Here in NL hardly anyone uses credit cards. We haven't had cheques since the 1960's. Eurocheques were abolished when the euro was introduced.
Nearly everyone uses debit cards with PIN. Hardly any costs for the receiver of payments. When you have something delivered you can pay by using a mobile PIN machine. This means that the delivery people don't have any cash on them which is much safer.
For online transactions we use the iDeal system, which has only one disadvantage: there is no chargeback option. But the system is free for consumers and incredibly cheap for merchants.
I was able to use IDEAL when I booked a ferry crossing with Norfolkline. No charges.
My partner booked a flight with KLM and there were no charges with IDEAL.
It seems consumers and merchants are being ripped off by the financial service suppliers in the UK. I have seen quite a few examples of merchants charging extra for paying by card (either credit or debit) due to 'incurring costs'. This is ludicrous because handing in cash to a bank also incurs charges. Rip off Britain at it's worst.
I really don't understand why charges incur when you use a debit card in the UK. It is a safe and direct transaction. Here in NL most banks charge about 0,01 euro per transaction and they will charge about 800 euro per annum for a PIN terminal, including ADSL line for the processing.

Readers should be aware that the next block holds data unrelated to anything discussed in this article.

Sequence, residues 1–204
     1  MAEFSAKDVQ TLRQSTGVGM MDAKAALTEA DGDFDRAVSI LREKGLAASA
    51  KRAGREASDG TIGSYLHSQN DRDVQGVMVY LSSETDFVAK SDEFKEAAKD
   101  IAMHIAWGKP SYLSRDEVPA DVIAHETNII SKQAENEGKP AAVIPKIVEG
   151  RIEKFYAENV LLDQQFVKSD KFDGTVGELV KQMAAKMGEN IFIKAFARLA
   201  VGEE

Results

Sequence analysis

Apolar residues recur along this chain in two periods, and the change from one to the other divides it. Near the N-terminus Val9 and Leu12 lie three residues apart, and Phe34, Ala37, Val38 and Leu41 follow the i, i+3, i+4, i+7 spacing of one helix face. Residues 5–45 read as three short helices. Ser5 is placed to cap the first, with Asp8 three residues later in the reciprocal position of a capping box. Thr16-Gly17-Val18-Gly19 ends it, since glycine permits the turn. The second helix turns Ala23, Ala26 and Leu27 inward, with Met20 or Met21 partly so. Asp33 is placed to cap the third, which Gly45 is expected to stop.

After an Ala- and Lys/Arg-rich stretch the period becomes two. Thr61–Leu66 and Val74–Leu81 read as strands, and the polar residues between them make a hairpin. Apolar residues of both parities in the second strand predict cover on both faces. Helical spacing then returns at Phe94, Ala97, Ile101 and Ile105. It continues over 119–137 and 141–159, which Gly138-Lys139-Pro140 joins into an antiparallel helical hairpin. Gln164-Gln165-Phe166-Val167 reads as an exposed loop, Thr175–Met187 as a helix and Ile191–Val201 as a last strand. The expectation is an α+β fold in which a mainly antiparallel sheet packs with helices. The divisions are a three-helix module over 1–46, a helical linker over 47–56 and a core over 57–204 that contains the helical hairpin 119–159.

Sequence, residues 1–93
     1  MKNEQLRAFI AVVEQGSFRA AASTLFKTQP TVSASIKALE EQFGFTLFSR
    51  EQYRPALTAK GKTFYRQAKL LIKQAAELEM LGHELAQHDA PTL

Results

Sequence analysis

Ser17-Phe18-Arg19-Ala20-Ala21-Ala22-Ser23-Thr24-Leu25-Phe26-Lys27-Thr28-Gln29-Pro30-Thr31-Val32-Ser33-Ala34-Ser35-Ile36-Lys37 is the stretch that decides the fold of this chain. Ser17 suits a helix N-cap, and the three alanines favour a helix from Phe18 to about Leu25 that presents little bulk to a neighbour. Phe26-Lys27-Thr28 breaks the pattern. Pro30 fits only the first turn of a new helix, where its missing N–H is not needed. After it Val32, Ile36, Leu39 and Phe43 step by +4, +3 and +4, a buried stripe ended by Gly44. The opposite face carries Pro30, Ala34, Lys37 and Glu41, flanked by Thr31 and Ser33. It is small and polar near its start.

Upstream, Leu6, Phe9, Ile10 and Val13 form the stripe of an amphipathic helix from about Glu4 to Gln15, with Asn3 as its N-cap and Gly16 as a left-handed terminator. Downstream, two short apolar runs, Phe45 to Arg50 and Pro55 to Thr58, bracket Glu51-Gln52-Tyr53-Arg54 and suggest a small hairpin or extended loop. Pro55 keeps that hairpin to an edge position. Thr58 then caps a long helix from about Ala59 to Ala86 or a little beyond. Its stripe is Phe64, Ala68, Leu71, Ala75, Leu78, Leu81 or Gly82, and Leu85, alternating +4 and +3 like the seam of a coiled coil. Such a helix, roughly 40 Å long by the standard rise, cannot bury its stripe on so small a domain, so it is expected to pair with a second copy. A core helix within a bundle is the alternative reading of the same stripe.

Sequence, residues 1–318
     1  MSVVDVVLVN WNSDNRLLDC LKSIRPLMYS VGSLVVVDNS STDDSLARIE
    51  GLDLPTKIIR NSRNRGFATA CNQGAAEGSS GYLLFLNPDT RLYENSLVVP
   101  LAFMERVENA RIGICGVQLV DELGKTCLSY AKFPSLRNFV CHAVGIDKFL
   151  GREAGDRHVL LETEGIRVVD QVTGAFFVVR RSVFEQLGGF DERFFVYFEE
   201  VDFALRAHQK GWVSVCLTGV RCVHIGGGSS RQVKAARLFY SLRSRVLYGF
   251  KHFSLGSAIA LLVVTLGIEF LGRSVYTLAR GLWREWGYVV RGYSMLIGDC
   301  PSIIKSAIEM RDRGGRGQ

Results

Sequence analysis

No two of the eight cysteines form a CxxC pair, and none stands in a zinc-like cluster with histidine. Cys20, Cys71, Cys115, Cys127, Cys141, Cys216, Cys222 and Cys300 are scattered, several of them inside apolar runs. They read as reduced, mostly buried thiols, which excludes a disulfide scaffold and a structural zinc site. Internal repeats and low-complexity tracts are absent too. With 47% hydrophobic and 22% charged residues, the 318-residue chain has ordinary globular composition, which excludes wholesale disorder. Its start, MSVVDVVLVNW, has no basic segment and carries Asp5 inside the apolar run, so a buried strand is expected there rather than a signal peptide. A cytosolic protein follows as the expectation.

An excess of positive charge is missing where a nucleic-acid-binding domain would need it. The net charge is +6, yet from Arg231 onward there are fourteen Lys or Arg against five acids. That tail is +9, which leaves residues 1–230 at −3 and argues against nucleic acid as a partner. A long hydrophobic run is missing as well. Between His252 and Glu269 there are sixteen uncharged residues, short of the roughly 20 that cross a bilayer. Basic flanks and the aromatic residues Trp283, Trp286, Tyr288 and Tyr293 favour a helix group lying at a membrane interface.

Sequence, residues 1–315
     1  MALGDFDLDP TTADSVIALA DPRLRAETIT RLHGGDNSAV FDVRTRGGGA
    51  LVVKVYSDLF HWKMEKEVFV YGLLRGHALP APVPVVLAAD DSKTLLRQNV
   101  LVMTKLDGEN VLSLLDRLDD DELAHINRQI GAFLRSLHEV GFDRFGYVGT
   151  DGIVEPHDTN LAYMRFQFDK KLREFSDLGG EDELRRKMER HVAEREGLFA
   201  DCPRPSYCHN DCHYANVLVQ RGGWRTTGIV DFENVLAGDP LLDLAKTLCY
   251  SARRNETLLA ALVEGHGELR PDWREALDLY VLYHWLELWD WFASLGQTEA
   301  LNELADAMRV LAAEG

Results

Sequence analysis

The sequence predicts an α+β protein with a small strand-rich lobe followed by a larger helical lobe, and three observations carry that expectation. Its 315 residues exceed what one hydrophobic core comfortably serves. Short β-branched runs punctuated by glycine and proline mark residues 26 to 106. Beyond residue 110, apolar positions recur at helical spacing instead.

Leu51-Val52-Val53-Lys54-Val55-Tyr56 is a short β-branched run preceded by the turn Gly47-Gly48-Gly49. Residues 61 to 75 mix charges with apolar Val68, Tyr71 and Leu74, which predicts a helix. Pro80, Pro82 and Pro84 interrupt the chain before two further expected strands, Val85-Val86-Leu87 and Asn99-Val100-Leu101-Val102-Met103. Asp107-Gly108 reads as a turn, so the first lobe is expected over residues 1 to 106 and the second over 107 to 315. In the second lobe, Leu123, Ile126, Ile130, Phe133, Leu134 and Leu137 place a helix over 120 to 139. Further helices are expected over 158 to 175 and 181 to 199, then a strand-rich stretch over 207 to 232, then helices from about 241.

The whole financial system in the UK could do with an overhaul to bring it into the 21st century. Using cheques is ridiculously expensive and there are many more modern systems available.
Going into administration. . .
Drip-price rip-off has gotten worse since online comparison sites have come to the fore, something we noticed a couple of years back with -- of all things -- travel insurance. We'd been with UK-based Flexicover Travel Insurance in the past and decided to check 'em on a comparator before giving them our custom again. Turned out, they came top for value. . . by a couple of quid. However:
On the last page of the online quote, that couple of quid price advantage suddenly vanished: Flexicover wished to charge that amount for "administration".
We emailed to ask how any business can be run without being "administered" and, in this case, just what aspect of the daily administration of an insurance broker's affairs were we contributing to: the window cleaning? The office tea trolley? Higher quality bog rolls in the loo?
We also asked: why is no mention of this "administration" charge on the first page of your insurance quote, rather than the last?